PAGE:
Windows How to check if keys are pressed in a sequence?

K

kingjohnc19

Guest
I want to make a cheat code that would increase the player's size. I tried doing this, but it didn't work. How could I make it work?
Code:
if (up_key) {
    if (up_key) {
        if (down_key) {
        if (down_key) {
        if (left_key) {
            if (right_key) {
                if (left_key) {
                    if (right_key) {
                        if (keyboard_check_pressed(ord("B"))) {
                            if (keyboard_check_pressed(ord("A"))) {
                                image_xscale += 20;
                                image_yscale += 20;
                               
                            }
                        }
                    }
                }
            }
        }
        }
        }
    }
}
 

Homunculus

Member
I don't want to sound harsh but... did you just randomly put some if conditions together and hope it somehow worked out?

More importantly, do you expect the cheat code to work when all of the required keys are pressed at the same time, or in a sequence (meaning, one after the other, like typing some text)? Seeing the number of required keys I'd say the latter is the only possible solution, keyboard have a limit to how many keys can be detected as being pressed at the same time. This kind of solution can not be checked in a single step, you'll have to keep track of the keys between multiple steps (possibly within time limit?)
 
K

kingjohnc19

Guest
I don't want to sound harsh but... did you just randomly put some if conditions together and hope it somehow worked out?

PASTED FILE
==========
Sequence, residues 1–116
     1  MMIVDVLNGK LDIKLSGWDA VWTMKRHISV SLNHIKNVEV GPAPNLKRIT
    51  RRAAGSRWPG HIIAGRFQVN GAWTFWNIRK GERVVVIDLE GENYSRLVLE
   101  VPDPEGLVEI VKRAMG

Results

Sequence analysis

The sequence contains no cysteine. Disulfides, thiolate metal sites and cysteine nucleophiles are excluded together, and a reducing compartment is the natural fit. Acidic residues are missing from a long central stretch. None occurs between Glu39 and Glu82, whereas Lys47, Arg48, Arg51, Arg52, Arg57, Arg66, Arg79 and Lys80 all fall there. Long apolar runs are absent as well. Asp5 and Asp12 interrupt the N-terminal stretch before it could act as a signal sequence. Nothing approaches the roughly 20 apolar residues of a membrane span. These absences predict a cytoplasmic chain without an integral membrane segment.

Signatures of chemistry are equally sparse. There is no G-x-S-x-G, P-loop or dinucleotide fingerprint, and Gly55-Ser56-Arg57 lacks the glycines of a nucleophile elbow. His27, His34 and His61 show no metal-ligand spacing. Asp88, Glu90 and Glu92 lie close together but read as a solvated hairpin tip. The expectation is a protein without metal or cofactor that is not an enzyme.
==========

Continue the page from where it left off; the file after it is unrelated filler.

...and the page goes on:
More importantly, do you expect the cheat code to work when all of the required keys are pressed at the same time, or in a sequence (meaning, one after the other, like typing some text)? Seeing the number of required keys I'd say the latter is the only possible solution, keyboard have a limit to how many keys can be detected as being pressed at the same time. This kind of solution can not be checked in a single step, you'll have to keep track of the keys between multiple steps (possibly within time limit?)
yeah, i basically just did what you said. I knew it wasn't going to work, but I tried it out anyways. how would i make a time limit for the keys? I'm pretty new to gamemaker, so I don't really know how to do that much.
 

Homunculus

Member
I can think of a few ways to approach this, none of them strikes me as particularly simple if you are a beginner.

I could try to come up with some code later if you want, but one approach could be:

- store the sequence of required keys for the cheat in an array
- keep a variable holding the position in the array of how much of the cheat code has been uninterruptdedly entered so far, starting at 0.
- check if vk_anykey has been pressed in the step event, and try to match keyboard_lastley to the current position in the array. If matched, increment the index, otherwise start over from position 0.
- if all of the code has been matched, apply the cheat and reset to 0

You could throw an alarm in there to make the cheat sequence invalid if too much time has passed since the last key.

Maybe there are simpler solutions, but I can’t think of any right now.